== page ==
Charts and graphs provided within are for informational purposes solely and should not be relied upon when making any investment decision. Past performance is not indicative of future results. The content speaks only as of the date indicated. Any projections, estimates, forecasts, targets, prospects, and/or opinions expressed in these materials are subject to change without notice and may differ or be contrary to opinions expressed by others. Please see Titan’s Legal Page for additional important information.

Three Things, a newsletter from Titan

Stay informed on the most impactful business and financial news with analysis from our team.

You might also like

What Is a Sell-Stop Order? Examples & How To Place One

Sell-stop orders give investors a way to limit losses or take a profit by setting a price below market levels at which their investment will be sold.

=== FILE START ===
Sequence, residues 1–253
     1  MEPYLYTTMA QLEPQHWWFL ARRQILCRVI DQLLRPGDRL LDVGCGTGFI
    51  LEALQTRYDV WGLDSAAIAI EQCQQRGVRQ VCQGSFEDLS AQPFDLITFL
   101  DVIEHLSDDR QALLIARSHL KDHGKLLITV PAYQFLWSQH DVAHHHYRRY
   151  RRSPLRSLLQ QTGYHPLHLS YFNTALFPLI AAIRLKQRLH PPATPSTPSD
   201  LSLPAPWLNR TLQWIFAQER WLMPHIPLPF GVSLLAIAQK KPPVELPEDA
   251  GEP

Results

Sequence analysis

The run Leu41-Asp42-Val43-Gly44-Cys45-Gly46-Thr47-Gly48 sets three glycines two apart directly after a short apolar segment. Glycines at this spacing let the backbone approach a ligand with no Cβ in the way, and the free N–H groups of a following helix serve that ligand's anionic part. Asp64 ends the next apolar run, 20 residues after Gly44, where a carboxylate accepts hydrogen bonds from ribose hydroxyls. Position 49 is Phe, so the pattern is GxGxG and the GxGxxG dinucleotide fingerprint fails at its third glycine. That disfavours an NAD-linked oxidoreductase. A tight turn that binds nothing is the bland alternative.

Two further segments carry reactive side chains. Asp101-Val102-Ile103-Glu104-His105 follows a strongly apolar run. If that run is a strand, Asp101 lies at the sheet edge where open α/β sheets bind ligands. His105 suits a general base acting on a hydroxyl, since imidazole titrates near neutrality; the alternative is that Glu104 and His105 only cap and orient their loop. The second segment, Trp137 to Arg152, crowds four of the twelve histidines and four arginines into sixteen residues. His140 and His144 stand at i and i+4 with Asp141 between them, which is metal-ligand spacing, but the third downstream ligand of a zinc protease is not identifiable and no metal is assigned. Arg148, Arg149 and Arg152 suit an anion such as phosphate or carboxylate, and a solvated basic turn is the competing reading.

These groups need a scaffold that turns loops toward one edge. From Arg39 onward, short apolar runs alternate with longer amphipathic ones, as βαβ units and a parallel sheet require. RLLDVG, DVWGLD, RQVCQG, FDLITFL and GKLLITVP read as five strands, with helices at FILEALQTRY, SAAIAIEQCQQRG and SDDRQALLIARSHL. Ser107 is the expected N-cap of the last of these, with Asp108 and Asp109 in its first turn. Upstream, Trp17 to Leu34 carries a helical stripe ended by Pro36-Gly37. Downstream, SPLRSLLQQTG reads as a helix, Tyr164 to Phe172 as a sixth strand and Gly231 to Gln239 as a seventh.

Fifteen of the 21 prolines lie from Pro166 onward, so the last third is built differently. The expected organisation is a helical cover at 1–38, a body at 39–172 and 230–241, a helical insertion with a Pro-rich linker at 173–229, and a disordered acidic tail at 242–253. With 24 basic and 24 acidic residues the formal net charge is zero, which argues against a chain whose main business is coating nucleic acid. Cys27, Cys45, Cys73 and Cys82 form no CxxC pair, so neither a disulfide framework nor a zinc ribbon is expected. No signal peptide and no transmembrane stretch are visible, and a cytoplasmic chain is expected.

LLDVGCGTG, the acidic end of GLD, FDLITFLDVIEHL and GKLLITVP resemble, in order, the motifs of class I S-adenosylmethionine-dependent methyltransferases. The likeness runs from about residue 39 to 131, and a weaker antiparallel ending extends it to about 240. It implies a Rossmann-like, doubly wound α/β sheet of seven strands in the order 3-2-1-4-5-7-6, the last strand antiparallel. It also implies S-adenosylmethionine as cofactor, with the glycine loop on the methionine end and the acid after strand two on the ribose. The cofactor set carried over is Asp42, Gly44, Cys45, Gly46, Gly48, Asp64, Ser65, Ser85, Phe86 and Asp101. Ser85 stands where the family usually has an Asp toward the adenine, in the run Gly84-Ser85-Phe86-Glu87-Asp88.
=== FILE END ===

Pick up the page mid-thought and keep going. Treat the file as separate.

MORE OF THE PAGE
Read More

Different Types of Stock Orders

Stock investors have the option of using different types of orders. Three main types of trade orders are available: market order, limit order, and stop order.

Read More

Stop-Limit Orders: Definition, How They Work and Pros & Cons

Stop-limit orders are used as a strategy for controlling risk when trading financial assets such as stocks, bonds, commodities, and foreign exchange.

Read More

What is an All-or-None Order?

AON orders are executed in single transactions and are sold at the same price. It’s difficult to fill an all-or-none order especially in lightly traded penny stocks.

Read More

Ready to become a client?

It's time to focus on the future of your wealth.

iOS App Store

Google Play

© Copyright 2023 Titan Global Capital Management USA LLC. All Rights Reserved.